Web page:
Imaging In 2019 – Steve Stone

Welcome to the “Imaging In 2019 Series” – a blog series that interviews inspiring producers and great creators of Station Sound.

Steve Stone

We love checking in with talented Voiceovers on the blog and this is our first in the “Imaging In 2019” series and no better person to kick it off.

Steve Stone is a highly respected talent and is world renowned in the Imaging game. I haven’t had the chance to meet him just yet, but looking forward to finally catching up at The Worldwide Radio Summit.

1. What is your opinion on Vocal Coaches - have you used one in the past and are they worth it?

Vocal coaches are super important. Especially as you do work in different areas of VO. I’ve studied and continue to study with coaches. You have to do your research. There are many out there, so you want to find coaches who are reputable and trusted. I have personally studied and gained tremendous help from Marice Tobias, Bob Bergen, Dave Walsh, Craig Spear, Jodi Gottlieb, Richard Redfield, and Jeff Bergman.

2. What makes a killer demo for a voiceover? (Different styles/something creative that makes it different)

You don’t want them to be long. Under a minute. Show off your different sounds in as many formats as you can with this one caveat. Sometimes NOT having a demo is the best thing. What I mean is there are certain formats I don’t have demos for because I’m not right for them (I would love to do Urban and Hip-Hop formats) but I long ago self evaluated and realized my sound and personality don’t fit those formats. Any demo I would make, would sound like I was trying too hard and wouldn’t work. I try and focus demos only on my strengths. CHR, ALT, ROCK, SPORTS, NEWS. I used to produce my own demos for years, but I started using Eric Romanowski (Ear Blowing Audio) and it’s really helped me step back and let someone else orchestrate the sound. I would take such a long time and struggle over what I thought was good, its been great to have a trusted outside producers perspective.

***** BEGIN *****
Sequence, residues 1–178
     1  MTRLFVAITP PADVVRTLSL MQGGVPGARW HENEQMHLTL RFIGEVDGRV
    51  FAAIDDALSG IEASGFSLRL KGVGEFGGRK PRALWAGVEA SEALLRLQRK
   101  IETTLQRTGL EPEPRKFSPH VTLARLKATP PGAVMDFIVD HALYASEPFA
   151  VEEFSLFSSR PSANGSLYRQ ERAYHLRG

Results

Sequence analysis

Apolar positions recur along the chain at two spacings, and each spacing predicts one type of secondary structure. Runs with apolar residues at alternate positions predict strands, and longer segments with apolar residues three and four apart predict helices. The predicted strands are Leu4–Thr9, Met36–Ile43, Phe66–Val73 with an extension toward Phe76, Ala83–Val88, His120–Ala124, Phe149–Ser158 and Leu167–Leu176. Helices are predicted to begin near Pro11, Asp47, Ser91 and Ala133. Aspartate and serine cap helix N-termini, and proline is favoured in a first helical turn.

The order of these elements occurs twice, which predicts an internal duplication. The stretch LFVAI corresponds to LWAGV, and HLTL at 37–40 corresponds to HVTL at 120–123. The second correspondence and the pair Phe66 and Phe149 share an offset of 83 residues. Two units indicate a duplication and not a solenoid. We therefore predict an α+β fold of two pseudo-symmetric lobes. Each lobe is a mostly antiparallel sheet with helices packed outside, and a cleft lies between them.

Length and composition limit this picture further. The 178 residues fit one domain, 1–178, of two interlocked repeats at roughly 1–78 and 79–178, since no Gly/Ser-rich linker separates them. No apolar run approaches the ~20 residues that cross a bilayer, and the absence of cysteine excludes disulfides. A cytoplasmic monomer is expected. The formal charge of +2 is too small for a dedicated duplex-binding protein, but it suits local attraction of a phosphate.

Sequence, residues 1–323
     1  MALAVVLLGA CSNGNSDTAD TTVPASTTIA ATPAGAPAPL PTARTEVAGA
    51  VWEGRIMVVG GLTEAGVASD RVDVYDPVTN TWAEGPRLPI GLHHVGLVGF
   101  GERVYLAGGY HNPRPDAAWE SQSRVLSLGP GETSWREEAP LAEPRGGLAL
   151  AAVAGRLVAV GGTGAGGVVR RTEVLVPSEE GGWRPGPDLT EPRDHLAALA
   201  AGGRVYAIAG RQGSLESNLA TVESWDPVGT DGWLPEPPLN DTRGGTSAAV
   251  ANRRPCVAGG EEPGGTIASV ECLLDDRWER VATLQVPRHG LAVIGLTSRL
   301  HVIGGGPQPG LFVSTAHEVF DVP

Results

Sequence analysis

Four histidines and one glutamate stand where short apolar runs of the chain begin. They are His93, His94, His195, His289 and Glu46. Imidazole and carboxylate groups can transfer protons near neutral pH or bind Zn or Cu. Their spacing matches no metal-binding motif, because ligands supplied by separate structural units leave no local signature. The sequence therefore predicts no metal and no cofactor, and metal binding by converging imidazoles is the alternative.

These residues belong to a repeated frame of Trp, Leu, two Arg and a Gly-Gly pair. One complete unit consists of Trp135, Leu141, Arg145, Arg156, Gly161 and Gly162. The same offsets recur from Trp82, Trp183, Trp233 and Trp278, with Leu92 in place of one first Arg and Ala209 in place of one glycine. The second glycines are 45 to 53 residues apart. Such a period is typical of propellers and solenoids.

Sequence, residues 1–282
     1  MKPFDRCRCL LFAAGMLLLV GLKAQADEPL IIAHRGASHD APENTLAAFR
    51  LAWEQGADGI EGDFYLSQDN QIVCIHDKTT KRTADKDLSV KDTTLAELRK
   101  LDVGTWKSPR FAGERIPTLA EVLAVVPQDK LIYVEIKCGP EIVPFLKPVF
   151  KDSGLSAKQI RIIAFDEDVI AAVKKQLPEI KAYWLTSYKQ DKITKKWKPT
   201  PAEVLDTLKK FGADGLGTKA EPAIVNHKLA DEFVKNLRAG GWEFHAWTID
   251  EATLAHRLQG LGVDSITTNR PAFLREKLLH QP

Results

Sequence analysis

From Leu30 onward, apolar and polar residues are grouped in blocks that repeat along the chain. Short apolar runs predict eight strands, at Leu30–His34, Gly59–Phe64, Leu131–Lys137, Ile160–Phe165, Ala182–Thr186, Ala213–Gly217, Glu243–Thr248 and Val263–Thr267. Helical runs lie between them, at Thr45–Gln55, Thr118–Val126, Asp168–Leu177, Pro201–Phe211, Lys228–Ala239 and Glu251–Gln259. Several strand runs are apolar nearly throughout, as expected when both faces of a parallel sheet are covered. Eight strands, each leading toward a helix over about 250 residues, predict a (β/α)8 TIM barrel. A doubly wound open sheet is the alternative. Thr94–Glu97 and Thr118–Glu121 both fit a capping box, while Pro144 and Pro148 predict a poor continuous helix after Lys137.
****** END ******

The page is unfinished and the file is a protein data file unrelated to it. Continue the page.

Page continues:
3. You voice lots of radio stations, and I’m sure the copy can get repetitive. How do you keep it fresh, especially when you’re saying the same phrases or reading copy for the same collective contests all the time?

I just try and be loose. We all have those moments with certain collective contest copy or countdowns where we can be reading similar copy. What I try and do is just be free to blurt out what comes to mind and at any moment I can veer off and go into an ad-lib voice and goof a bit then get back to it. Sometimes its something a producer can use, other times it just breaks the monotony of the copy for me. Whatever it is I try and have fun. At the very least the producer has options.

4. What are your current goals as a voice artist?

I would love to be the voice of a national awards show, a big prime time event. That would be tops! But day in and day out my ultimate goal has always been to have a long and successful career. I’m extremely fortunate to do this. I have many wonderful clients who support me and rely on my work, and being being part of that day in and day out is the best reward.

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